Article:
Sunday, 14 February 2016

Tuck machines offer kids their five a day

SCHOOLCHILDREN are ditching crisps, sweets and fizzy drinks in favour of healthier alternatives thanks to a pioneering set of pupils.

Cartmel Priory C of E School has installed two vending machines filled with fruits, vegetables and wholesome foods in a bid to encourage its pupils to abandon unhealthy snack fixes.

The school is one of 30 in the country taking part in the British Heart Foundation’s Food4Thought campaign by piloting the vending machines.

It was hand picked by the charity due to its work on promoting diet and nutrition to pupils, which includes the pupil-led School Nutrition Advice Committee.

Children from the group came up with the design for the vending machines and worked with the school’s catering manager, Diane Turner, to decide on what should be placed in it.

Emily Barker, 12, a Year Seven pupil and SNAC member, said: “We learn about the importance of eating fruit and vegetables and healthy food, but it’s often easier and quicker to grab a bag of crisps and bar of chocolate.

“With this new vending machine we will only be able to get healthy snacks and drinks so it will help us to eat the right foods during the day and make it easier for us to put what we learn in the classroom into practice. It’s been great fun getting involved in designing the machines and choosing the items to go inside and hopefully the rest of the school will enjoy using it.”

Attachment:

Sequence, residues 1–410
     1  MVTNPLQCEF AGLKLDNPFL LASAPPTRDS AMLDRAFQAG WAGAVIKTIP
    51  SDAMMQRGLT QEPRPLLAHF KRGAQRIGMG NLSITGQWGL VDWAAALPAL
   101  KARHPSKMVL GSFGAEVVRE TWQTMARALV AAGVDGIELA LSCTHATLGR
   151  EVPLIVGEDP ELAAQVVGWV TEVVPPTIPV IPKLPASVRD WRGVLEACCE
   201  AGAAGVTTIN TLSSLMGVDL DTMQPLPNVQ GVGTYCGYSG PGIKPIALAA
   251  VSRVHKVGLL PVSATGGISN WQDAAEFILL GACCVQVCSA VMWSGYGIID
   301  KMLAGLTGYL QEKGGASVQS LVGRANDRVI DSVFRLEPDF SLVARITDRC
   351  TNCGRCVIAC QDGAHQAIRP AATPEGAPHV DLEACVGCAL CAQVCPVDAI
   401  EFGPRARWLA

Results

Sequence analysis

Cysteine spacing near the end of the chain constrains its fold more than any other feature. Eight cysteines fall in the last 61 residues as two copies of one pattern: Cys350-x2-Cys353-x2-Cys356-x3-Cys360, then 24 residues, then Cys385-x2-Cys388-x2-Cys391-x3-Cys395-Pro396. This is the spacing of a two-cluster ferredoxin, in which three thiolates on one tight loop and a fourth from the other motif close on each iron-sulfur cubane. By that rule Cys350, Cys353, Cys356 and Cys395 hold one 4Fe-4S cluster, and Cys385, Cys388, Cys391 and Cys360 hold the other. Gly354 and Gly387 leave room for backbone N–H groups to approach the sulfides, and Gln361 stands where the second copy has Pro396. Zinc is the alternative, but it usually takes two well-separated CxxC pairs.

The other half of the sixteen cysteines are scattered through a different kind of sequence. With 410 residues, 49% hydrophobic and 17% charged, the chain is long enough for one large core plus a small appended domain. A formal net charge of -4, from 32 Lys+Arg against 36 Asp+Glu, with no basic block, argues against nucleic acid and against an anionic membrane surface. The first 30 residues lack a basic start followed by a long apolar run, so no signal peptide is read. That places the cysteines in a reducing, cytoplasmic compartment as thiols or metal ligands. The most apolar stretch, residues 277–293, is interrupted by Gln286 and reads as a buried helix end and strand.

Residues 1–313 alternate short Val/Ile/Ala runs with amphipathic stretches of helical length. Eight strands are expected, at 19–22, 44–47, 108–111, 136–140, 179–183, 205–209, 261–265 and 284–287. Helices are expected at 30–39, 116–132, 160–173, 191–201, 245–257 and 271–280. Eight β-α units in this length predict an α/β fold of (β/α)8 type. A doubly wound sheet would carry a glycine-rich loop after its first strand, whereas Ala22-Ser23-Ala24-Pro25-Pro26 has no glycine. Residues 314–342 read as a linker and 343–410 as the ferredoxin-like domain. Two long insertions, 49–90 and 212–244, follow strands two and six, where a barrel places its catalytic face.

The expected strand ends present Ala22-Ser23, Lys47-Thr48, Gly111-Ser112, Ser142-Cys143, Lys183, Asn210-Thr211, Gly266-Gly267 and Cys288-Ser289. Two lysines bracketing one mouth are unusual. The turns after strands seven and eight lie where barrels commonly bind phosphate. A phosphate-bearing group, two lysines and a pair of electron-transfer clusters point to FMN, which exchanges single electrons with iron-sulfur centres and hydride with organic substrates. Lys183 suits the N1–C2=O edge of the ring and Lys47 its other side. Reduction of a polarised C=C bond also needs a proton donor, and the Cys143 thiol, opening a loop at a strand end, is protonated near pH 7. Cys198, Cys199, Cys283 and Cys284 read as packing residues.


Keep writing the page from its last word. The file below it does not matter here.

Pupils in the 30 selected schools will play a key role in deciding how the vending machines are run, with one school winning a prize at the end of the school year.

Gemma Brown, PSHE co-ordinator at Cartmel Priory C of E School, said: “We’re delighted to pilot the healthy vending machine. We think it’s a great idea and are confident the pupils will embrace it and enhance their daily school diet. We really hope it will have a positive impact on all of our students and are really grateful to the BHF for giving us this opportunity. We have done a lot of work on diet and healthy eating since nutritional standards came in for schools a few years ago.

“It’s already very popular. We’re only a small village and you see some of the pupils queuing outside the local shop, but there are more and more who are grabbing something from the vending machines instead, especially those who stay for after-school clubs.”

BHF senior dietician Victoria Taylor said: “Our recent survey found nearly one in three secondary school kids in the North West indulge in sweets, chocolate and crisps more than three times a day. We hope the healthy vending machines will encourage kids to make the right food choices and improve their health now and in the future.”

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